Chandramohan S, English Dalit poet who hails from Thiruvananthapuram has been selected to be a part of the prestigiousÂ International Writing Program of the University of Iowa. The International Writing Program (IWP) is a writing residency for international artists in Iowa City, Iowa.Â Since its inception in 1967, the IWP has hosted over 1,400 emerging and established poets, novelists, dramatists, essayists, and journalists from more than 130 countries. Its primary goal is to introduce talented writers to the writing community at the University of Iowa and to provide the writers a period of optimal conditions for their creative work.
The selection to the program has made the poet happy as well as now responsible regarding what he says. He is of the opinion that, though Dalit-BahujansÂ make up a large share of the population, there arenâ€™t many who write literature in the English language. He believes that the Dalit-Bahujans are at the cusp of a big change and more and more voices such as his are being registered these days.
“Every poem or a short story is a contribution to â€œrealityâ€- perceived from a perspective of opposing the current fascist saffron regime. An opportunity such as being an IWP fellow at the University of Iowa for a Dalit poet writing in English- itâ€™s a big opportunity to voice our dissent.” said Chandramohan to TWJ.
Chandramohan wants to be a caste provocateur, by asserting his identity as an Indian English Dalit poet. “A lot of Indian English poetry is too elitist, upper classist, upper casteist and caters to the urban milieu. My very existence is a breaking of a glass ceiling and may provoke someone to think and identify their slot in the ‘ascending scale of reverence and descending scale of contempt’,” says Chandramohan.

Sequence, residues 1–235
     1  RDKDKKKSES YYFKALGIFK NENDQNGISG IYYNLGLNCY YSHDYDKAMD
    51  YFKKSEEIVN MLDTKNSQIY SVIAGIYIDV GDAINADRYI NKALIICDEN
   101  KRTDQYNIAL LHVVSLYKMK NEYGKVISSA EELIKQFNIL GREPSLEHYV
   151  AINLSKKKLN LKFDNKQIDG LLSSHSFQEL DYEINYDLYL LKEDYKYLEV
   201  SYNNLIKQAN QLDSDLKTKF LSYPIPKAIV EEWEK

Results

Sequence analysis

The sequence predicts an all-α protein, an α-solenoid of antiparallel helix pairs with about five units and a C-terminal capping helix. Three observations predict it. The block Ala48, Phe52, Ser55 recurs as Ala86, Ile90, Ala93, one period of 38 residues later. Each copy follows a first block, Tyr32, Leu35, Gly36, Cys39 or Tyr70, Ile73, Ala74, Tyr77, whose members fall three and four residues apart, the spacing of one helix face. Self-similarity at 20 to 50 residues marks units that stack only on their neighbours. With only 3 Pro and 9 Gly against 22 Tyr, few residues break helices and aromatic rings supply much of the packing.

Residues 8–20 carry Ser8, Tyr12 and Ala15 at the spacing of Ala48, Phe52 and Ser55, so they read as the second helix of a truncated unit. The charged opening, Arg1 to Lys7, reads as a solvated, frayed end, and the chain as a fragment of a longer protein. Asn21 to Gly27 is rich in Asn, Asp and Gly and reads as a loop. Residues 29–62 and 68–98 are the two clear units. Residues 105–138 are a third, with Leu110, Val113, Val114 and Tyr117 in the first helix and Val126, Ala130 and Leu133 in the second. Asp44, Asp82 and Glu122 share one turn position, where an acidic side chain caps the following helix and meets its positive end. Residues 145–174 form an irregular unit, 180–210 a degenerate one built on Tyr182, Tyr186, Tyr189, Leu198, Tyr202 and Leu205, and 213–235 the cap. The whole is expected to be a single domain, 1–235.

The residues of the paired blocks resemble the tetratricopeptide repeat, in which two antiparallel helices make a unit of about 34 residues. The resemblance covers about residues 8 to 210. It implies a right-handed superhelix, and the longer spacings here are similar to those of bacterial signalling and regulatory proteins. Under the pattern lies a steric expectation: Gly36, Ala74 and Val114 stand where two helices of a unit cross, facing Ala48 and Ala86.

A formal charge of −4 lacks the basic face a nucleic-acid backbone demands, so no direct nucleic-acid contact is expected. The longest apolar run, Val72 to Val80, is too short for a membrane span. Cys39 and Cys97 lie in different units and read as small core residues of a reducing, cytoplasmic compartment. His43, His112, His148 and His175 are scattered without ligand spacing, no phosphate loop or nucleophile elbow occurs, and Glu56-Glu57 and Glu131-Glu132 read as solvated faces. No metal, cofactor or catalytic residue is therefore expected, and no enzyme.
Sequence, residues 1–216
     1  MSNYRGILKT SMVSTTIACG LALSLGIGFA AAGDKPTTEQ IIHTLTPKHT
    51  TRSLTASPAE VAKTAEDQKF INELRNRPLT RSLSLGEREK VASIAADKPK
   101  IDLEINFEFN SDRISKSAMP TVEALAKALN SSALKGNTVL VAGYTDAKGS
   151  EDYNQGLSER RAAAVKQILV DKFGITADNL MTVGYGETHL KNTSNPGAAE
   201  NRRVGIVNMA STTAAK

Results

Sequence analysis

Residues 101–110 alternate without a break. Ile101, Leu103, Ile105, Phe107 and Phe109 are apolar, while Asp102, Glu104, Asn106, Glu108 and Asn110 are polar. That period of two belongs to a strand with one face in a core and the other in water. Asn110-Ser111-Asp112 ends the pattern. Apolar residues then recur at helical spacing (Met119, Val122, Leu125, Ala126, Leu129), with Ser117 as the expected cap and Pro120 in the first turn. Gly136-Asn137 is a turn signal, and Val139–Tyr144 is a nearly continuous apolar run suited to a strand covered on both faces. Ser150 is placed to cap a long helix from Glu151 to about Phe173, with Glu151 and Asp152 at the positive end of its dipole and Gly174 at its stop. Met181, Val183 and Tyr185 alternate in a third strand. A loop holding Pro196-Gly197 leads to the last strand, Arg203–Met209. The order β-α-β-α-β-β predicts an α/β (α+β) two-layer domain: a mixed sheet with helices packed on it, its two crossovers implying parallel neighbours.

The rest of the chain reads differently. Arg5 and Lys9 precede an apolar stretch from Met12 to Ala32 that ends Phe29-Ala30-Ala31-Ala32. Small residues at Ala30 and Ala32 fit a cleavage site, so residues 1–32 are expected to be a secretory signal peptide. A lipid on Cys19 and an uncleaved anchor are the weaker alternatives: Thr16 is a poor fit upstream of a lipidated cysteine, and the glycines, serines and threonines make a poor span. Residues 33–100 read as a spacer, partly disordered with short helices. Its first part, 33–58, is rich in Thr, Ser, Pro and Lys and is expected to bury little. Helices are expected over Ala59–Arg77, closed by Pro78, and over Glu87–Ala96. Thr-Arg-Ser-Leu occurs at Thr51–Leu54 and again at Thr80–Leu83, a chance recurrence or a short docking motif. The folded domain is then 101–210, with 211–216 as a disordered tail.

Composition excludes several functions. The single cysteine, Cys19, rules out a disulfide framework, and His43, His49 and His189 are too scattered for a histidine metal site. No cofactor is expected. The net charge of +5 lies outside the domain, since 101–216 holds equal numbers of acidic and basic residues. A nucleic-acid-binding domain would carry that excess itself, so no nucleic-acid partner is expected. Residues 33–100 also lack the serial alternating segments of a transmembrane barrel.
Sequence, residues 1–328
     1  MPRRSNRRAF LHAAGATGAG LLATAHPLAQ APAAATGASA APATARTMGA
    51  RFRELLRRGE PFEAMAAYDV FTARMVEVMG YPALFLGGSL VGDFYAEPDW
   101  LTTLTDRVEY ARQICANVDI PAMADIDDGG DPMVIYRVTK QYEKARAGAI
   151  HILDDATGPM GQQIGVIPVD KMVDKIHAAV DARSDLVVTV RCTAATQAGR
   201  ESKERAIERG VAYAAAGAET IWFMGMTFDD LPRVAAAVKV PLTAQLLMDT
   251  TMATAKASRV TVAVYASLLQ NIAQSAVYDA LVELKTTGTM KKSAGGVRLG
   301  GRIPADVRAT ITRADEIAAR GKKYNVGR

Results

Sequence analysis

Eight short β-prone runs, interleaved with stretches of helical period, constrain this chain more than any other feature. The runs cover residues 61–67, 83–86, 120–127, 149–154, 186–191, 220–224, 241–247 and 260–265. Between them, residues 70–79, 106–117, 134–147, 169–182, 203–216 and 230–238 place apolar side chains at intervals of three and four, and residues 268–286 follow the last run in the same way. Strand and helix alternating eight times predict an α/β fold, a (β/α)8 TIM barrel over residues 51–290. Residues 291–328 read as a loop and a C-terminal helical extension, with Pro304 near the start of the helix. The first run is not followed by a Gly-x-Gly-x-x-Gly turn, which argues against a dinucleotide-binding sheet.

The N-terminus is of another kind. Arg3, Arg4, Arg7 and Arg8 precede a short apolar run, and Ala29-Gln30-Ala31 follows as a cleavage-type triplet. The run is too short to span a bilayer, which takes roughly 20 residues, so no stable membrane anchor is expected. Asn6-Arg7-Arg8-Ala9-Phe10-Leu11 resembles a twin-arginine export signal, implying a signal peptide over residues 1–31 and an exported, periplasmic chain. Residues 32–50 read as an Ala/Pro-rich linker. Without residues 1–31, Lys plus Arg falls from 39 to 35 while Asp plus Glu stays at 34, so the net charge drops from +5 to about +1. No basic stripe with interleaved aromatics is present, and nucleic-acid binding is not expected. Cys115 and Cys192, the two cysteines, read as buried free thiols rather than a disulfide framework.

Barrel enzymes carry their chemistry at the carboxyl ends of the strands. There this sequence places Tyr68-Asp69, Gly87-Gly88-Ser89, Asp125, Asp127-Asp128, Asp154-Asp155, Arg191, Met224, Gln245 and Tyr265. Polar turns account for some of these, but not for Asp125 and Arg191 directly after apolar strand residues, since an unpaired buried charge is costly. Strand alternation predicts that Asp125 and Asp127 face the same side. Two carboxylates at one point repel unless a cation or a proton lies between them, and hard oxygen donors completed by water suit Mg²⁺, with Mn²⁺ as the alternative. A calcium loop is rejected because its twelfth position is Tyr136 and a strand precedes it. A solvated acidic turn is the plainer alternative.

His identity as aâ€œDalit poet writing in Englishâ€ has provoked many and has helped him elude the perceived sense of â€œpolitical pasteurisationâ€ which in his opinion, plagues Indian English Poetry. He feels that a lot of themes which the Indian English poets refuse to bring into their poems have been taken by him.
“I usually feel like waging a lone battle against the establishment who breathe down my neck insisting that caste discrimination is long gone and refuse to render caste as a contemporary category. My poems argue towards a reality where caste shape-shifts itself as per the need of the time and refuses to go away in the era of social media.” He added.
Chandra Mohan started writing Poetry in 2013, which is not so long ago. Even though it has only been five years, he had already read quite a bit of poetry written in the English language. His inspiration came when he chanced upon a poem by Tomas Transtromer at a local library.Poets K Siva Reddy(Telugu) Arun Kolatkar(Marathi-English), Soumitra Mohan(Hindi), Namdeo Dhasal(Marathi), Jibananda Das( Bengali) , Kotiganahalli Ramiah(Kannada) etc have alsoenriched his sensibility as a poet. Chandramohan likesÂ K Satchidanandan the most among poets in Malayalam language. According to him, “SatchidanandhanÂ embodies a soul â€“deeply political with a very large cache of images and themes â€“like no other poet writing in India”.
Chandramohan is currently working on a book-length poem on the leitmotiv of translation which is titled â€œLOVE after BABELâ€ In the poem, he is trying to weave a number of narratives onto the vertebrae of translation- like predatory language empires, dilemma of translators, limits on expression of sexual-love across tongues, asymmetry in power during interrogations, the sections of the population excluded from worlds build around the spines of languages etc.He has also been collecting facts and myths centred around the legendary Black and Dalit Panthers and is all set to publish a poetry volume titled â€œLearning from the Panthersâ€.
“I see myself as a tiny speck in the huge volume of very intense literature produced by Dalit Bahujans- but since I write in English I may be able to reach a much larger audience and thereby effective dent the discourse around caste and other indices of social inequality.I dream of composing a south Asian epic of retrieving our souls before the advent of the brahminical era,” says Chandramohan.